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Photo: Courtesy The Metropolitan Museum of Art, New York, 10.125.32
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Chest with drawers

Object number



Maker Unknown


Height, overall: 36 5/8 in. (93.028 cm) Width, top overall: 37 7/8 in. (96.203 cm) Width, case: 36 in. (91.44 cm) Depth, overall (back to rail moldings): 21 3/8 in. (54.293 cm) Depth, case: 19 7/8 in. (50.483 cm)



Current location

The Metropolitan Museum of Art


Made in Boston, Massachusetts, or possibly made in Rhode Island
(view a map of Rhode Island)


Red oak, eastern white pine, poplar (microanalysis)


A joiner's mark is scribed on the upper edge of each drawer side toward the front: on the upper drawer,"V" with the point facing out; on the lower drawer, "V" facing the same way, plus a vertical line on one side. Scored on the underside of one board of the lower drawer bottom are large sawyer's tally marks: "II" and "II" crossed by a diagonal line. Identification numbers painted on at the Preservation Society of Newport County are on the outside of the upper back board.


H. Eugene Bolles (1838–1910), Boston, Massachusetts; soldto Mrs. Russell Sage, New York, 1909; given to The Metropolitan Museum of Art, New York, 1910

Associated names

H. Eugene Bolles


The chest is similar to cat. no. 98 [RIF 4145] in most aspects of its construction. The pins in the mortise-and-tenon joints are at the same two sizes, and several pins at drawer level were likewise not trimmed on the inside; here, however, some of the joints of the bottom rails, in addition to those of the top rails, are double-pinned. The grain of the wood in the front panels runs horizontally rather than vertically. The construction of the back and of the bottom of the chest compartment corresponds to that of cat. no. 98 and so does that of the drawers, including the strong beveling of the ends of the back. On this chest there is a case bottom consisting of three butted transverse boards slightly beveled at the edges and nailed to the underside of the rails. The molding applied to the front rail above the drawers differs somewhat, in that the center band is wider and has just a cyma reverse and fillet on either side. The base molding consists of a cyma recta. Source: Frances Gruber Safford, American Furniture in the Metropolitan Museum of Art, (New York, N.Y.: The Metropolitan Museum of Art, 2007), 237.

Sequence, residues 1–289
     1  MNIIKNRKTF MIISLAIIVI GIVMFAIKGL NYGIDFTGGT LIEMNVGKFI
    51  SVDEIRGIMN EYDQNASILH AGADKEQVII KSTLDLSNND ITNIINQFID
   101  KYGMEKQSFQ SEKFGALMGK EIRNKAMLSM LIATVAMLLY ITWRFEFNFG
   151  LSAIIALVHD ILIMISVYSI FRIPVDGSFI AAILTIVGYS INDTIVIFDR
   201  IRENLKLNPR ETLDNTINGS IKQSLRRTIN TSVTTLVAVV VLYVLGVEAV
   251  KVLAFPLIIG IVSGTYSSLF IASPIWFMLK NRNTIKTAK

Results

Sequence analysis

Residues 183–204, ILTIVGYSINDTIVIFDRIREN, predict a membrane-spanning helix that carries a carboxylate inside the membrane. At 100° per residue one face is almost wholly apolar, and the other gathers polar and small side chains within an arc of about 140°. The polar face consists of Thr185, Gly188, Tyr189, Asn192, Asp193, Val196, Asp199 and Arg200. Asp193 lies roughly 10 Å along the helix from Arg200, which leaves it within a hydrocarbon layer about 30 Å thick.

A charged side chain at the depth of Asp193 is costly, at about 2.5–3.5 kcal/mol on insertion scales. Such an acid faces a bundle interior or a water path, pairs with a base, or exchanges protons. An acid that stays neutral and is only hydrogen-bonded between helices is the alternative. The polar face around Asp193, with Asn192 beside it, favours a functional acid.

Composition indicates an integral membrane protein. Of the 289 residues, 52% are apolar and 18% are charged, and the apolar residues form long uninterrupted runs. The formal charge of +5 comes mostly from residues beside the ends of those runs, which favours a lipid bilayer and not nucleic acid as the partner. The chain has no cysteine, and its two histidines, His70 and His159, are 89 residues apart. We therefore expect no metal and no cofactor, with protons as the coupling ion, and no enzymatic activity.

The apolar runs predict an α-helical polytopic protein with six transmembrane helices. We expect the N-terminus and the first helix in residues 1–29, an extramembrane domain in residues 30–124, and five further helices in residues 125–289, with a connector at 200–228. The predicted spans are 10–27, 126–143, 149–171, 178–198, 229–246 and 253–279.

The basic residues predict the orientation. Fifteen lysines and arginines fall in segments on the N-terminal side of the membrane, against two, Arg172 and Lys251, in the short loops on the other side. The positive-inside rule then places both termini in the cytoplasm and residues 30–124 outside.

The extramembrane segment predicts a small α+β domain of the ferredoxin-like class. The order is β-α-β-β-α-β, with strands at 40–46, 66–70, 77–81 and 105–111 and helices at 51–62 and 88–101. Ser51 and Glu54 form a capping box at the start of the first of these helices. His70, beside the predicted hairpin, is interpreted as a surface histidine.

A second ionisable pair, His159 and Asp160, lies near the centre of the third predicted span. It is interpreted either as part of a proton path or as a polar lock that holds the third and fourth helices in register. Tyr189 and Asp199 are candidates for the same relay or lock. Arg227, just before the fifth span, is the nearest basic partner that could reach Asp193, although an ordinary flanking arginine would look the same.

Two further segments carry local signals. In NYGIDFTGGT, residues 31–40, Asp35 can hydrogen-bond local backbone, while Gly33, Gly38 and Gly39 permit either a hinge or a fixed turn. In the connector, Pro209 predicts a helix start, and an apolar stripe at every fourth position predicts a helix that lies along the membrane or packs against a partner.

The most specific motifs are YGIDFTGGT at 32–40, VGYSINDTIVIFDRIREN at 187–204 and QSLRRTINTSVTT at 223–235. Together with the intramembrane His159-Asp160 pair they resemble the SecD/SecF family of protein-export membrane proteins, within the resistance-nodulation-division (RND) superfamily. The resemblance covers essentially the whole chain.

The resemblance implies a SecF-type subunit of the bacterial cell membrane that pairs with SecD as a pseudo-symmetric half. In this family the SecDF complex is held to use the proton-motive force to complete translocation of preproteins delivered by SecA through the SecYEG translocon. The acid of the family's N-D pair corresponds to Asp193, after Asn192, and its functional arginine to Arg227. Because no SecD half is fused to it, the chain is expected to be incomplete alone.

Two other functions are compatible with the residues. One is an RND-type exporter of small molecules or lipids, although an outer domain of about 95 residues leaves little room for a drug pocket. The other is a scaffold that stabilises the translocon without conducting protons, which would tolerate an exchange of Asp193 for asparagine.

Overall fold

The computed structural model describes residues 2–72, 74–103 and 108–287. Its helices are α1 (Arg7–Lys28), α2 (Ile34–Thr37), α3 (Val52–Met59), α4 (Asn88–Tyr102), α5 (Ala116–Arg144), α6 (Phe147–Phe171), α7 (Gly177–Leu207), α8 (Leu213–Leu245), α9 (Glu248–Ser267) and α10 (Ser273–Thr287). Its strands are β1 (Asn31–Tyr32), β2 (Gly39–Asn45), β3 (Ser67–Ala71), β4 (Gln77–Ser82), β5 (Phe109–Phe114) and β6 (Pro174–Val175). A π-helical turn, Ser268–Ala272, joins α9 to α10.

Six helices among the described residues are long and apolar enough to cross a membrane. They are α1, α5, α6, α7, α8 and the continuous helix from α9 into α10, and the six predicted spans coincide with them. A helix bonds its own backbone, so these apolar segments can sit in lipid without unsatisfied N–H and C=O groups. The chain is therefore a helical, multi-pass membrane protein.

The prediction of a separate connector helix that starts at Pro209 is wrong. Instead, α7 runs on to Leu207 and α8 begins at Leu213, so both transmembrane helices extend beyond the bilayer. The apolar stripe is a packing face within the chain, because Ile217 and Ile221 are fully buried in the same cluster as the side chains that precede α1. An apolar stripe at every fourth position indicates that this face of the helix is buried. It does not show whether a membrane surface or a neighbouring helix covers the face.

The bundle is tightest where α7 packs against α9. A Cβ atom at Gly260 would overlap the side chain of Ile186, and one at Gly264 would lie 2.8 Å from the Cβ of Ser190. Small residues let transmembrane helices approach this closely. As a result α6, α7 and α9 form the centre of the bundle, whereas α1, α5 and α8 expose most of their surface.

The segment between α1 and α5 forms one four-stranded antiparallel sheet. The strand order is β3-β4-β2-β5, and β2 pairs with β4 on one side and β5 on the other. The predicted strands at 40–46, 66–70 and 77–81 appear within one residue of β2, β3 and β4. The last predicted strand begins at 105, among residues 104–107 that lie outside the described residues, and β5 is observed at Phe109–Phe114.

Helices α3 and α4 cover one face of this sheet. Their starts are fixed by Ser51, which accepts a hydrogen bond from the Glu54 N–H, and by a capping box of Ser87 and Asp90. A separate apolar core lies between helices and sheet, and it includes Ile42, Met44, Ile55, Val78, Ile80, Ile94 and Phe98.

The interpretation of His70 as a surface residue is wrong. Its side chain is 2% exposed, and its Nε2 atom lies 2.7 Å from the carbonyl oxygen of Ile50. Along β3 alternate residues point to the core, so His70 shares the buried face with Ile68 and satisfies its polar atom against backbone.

Frances Gruber Safford, American Furniture in the Metropolitan Museum of Art: 1. Early Colonial Period, The Seventeenth-Century and William and Mary Styles (New York: The Metropolitan Museum of Art, 2007), 237–239, no. 99, ill.
Wallace Nutting, Furniture Treasury, 1st ed., 3 vols. (Framingham, Mass.: Old American Company Publishers, 1928–33), vol. 1, no. 52, ill.
Wallace Nutting, Furniture of the Pilgrim Century 1620–1720 (Framingham, Mass.: Old American Company Publishers, 1924), no. 49, ill.
Wallace Nutting, Furniture of the Pilgrim Century, 1620–1720 (Boston: Marshall Jones Company, 1921), 35, ill.
Walter A. Dyer, "The American Chest: Seventeenth Century," Antiquarian (October 1931): 37, (this and the previous Nutting references show the chest as acquired), ill.
Samuel Chamberlain and Narcissa G. Chamberlain, The Chamberlain Selection of New England Rooms, 1639-1863 (New York: Hastings House Publishers, 1972), 81, (as exhibited in the parlor of Whitehall Museum House, Middletown, Rhode Island).
Clarence P. Hornung, Treasury of American Design: A Pictorial Survey of Popular Folk Arts Based upon Watercolor Renderings in the Index of American Design, at the National Gallery of Arts, 2 vols. (New York: Harry N. Abrams, Inc., 1972), no. 887, ill.
John G. Shea, Antique Country Furniture of North America (Florence, Ky.: Van Nostrand Reinhold, 1975), 108, ill.